Hatching vs. buying chicks - Some Questions

Discussion in 'Incubating & Hatching Eggs' started by chickmanna, Dec 21, 2011.

  1. chickmanna

    chickmanna Chillin' With My Peeps

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    I'm thinking about getting an incubator and purchasing some eggs to hatch. Have done some reading up on it, but still have questions.

    First, I see posts where people have gotten a new incubator and then refer to using the new one to incubate and the old one to hatch. Don't the eggs hatch in the incubator then the chicks get moved to the brooder? Maybe someone can explain it to me.

    Second, I'm concerned about bringing disease into my flock. Are chicken diseases carried in the egg? Chicks I have purchased previously have been vaccinated for Marek's disease. So if you hatch eggs do you need to vaccinate the chicks yourself? Any thing else you need to provide for the chicks you hatch as opposed to purchased chicks?
     
  2. dickhorstman

    dickhorstman Chillin' With My Peeps Premium Member

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    Many people move their eggs to a seperate incubator or hatcher on the 18th day. This is especially helpful if you have staggered egg settings.
     
  3. billiejo21

    billiejo21 Chillin' With My Peeps

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    I move my eggs on day 18 to different incubator to hatch, cause I almost always have eggs set on different days!! I think if I had all eggs due at the same time, I wouldn't bother, but people might also do that to keep their new incubator clean of hatching debris.

    As far as disease goes, I personally feel that just like with chicks and adult birds, you need to buy from peopole who have clean flocks. If you buy locally, make sure you take a look at the laying flock and where the chickens are kept. Unfortunatly, I don't have local breeders to buy from, so most of my eggs are shipped...therefore, I rely on pictures and feedback from other buyers. You can vaccinate your chicks that you hatch, but I don't know all the details.

    Good luck!
     
  4. eggdd

    eggdd Chillin' With My Peeps

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    i have a rule: no live birds are allowed on my property. there are just too many diseases. it doesn't matter how "clean" you think someone is - - browse around these forums and read the horror stories. and it doesn't even have to be something deadly, but simply non-existant to your flock and now, due to the new birds, your flock has it. of course, there are other reason i don't bring live birds here - - disease just being one of them (an important one!).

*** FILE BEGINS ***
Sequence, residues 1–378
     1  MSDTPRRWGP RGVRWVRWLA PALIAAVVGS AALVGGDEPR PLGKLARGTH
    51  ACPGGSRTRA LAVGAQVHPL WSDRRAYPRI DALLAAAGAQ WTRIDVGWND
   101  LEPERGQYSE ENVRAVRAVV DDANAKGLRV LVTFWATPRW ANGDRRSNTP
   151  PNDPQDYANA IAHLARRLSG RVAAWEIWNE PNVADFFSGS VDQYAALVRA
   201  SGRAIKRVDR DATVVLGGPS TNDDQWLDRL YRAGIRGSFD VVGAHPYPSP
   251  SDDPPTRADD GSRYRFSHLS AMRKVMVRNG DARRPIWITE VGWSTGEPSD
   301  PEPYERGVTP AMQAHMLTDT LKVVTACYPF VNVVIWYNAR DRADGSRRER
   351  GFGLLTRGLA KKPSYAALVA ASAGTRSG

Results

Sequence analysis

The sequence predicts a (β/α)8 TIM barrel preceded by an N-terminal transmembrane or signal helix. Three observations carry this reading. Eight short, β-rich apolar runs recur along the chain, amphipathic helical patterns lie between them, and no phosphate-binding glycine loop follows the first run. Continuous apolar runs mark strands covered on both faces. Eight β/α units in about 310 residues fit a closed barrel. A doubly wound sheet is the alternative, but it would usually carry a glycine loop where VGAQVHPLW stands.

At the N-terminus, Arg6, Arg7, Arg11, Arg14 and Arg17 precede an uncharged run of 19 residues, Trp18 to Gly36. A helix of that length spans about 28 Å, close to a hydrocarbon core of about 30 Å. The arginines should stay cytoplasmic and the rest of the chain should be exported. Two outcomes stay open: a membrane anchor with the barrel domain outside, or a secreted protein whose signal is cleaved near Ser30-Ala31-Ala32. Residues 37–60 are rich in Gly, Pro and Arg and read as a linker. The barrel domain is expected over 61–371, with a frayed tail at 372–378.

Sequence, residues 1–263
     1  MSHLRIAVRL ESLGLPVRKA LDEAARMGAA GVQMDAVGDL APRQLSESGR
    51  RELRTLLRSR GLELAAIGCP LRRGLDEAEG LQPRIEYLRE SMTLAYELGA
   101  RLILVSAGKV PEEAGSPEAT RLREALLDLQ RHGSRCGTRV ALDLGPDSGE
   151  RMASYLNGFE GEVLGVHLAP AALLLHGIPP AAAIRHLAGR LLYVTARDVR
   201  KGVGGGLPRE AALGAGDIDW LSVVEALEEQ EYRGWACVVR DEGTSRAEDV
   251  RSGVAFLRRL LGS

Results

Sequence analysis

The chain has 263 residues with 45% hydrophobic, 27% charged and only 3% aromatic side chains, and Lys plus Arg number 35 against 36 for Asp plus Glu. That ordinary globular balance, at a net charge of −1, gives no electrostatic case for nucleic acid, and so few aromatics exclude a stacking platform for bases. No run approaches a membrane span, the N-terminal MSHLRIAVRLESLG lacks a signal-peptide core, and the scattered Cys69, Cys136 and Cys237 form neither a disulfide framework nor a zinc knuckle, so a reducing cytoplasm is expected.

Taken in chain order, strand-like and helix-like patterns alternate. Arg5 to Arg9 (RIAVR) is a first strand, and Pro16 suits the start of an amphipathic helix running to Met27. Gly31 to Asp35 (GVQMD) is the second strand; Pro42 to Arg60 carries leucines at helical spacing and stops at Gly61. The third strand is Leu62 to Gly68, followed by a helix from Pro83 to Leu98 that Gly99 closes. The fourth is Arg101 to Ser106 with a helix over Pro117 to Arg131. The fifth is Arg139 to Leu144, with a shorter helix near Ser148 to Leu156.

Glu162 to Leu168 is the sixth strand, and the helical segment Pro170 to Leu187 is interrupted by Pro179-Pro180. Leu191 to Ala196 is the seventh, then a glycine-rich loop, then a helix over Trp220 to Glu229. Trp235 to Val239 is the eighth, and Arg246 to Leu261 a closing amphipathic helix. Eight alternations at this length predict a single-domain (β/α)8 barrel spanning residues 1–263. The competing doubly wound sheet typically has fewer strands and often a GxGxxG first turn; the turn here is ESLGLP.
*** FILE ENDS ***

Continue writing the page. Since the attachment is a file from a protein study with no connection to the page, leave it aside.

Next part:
also, i happen to like hatching eggs. so it's a win.

    the biggest downside (maybe): you cannot control your roo to hen ratio. you could hatch one roo, or ten. you never know - - and i'm not even sure that's a downside. it's kind of part of the fun.
     
  5. foxypoproxy

    foxypoproxy Chillin' With My Peeps

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    If you want to purchase eggs and hatch them, i recommend you read this thread: http://albertachickensetc.punbb-hosting.com/viewtopic.php?id=18095
    This
    thread will tell you how to prevent diseases in eggs by using a tylan egg dip method.
    You never know what other peoples flocks could have, even if they are well known breeders, i'd rather be safe then sorry.

    After losing my flock to disease, i feel hatching eggs out is safer.
    I'm super paranoid about bringing disease in, so i am going to be doing this procedure, which should kill any diseases that a hen could transmit to the egg/baby chick.
    I'll be purchasing hatching eggs and doing this method during the spring.
     
  6. chickmanna

    chickmanna Chillin' With My Peeps

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    Thanks Eggdd. I too had a horrible experience with bringing in a live bird (other than day old from the local Wilco). That's one reason I want to go with eggs. Dick and BillieJo - I will be setting only one or two batches, so no need for a hatcher and and incubator, but thanks for the explanation.